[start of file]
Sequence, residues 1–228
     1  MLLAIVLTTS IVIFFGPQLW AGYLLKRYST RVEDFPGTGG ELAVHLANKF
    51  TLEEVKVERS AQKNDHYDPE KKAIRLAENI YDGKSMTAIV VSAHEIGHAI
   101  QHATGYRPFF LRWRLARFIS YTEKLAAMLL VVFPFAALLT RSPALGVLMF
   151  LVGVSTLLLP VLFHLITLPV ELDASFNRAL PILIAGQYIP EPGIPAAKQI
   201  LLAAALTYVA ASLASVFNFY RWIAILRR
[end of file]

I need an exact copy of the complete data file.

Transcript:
Sequence, residues 1–228
     1  MLLAIVLTTS IVIFFGPQLW AGYLLKRYST RVEDFPGTGG ELAVHLANKF
    51  TLEEVKVERS AQKNDHYDPE KKAIRLAENI YDGKSMTAIV VSAHEIGHAI
   101  QHATGYRPFF LRWRLARFIS YTEKLAAMLL VVFPFAALLT RSPALGVLMF
   151  LVGVSTLLLP VLFHLITLPV ELDASFNRAL PILIAGQYIP EPGIPAAKQI
   201  LLAAALTYVA ASLASVFNFY RWIAILRR